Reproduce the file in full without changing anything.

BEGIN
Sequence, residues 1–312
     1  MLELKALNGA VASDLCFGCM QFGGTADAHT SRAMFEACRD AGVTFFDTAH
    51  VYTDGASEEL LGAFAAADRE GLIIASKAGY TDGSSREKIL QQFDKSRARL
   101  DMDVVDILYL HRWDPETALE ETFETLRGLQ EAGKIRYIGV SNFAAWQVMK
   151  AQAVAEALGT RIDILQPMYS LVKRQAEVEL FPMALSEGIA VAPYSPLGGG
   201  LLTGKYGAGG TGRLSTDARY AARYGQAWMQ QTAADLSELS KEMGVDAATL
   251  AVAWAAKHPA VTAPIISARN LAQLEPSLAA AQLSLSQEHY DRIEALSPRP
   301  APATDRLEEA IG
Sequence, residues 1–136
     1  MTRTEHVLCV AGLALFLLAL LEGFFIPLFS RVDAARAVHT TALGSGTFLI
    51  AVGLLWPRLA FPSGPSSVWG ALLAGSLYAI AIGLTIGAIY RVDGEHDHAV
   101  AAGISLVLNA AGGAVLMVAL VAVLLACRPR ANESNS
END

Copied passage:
Sequence, residues 1–312
     1  MLELKALNGA VASDLCFGCM QFGGTADAHT SRAMFEACRD AGVTFFDTAH
    51  VYTDGASEEL LGAFAAADRE GLIIASKAGY TDGSSREKIL QQFDKSRARL
   101  DMDVVDILYL HRWDPETALE ETFETLRGLQ EAGKIRYIGV SNFAAWQVMK
   151  AQAVAEALGT RIDILQPMYS LVKRQAEVEL FPMALSEGIA VAPYSPLGGG
   201  LLTGKYGAGG TGRLSTDARY AARYGQAWMQ QTAADLSELS KEMGVDAATL
   251  AVAWAAKHPA VTAPIISARN LAQLEPSLAA AQLSLSQEHY DRIEALSPRP
   301  APATDRLEEA IG
Sequence, residues 1–136
     1  MTRTEHVLCV AGLALFLLAL LEGFFIPLFS RVDAARAVHT TALGSGTFLI
    51  AVGLLWPRLA FPSGPSSVWG ALLAGSLYAI AIGLTIGAIY RVDGEHDHAV
   101  AAGISLVLNA AGGAVLMVAL VAVLLACRPR ANESNS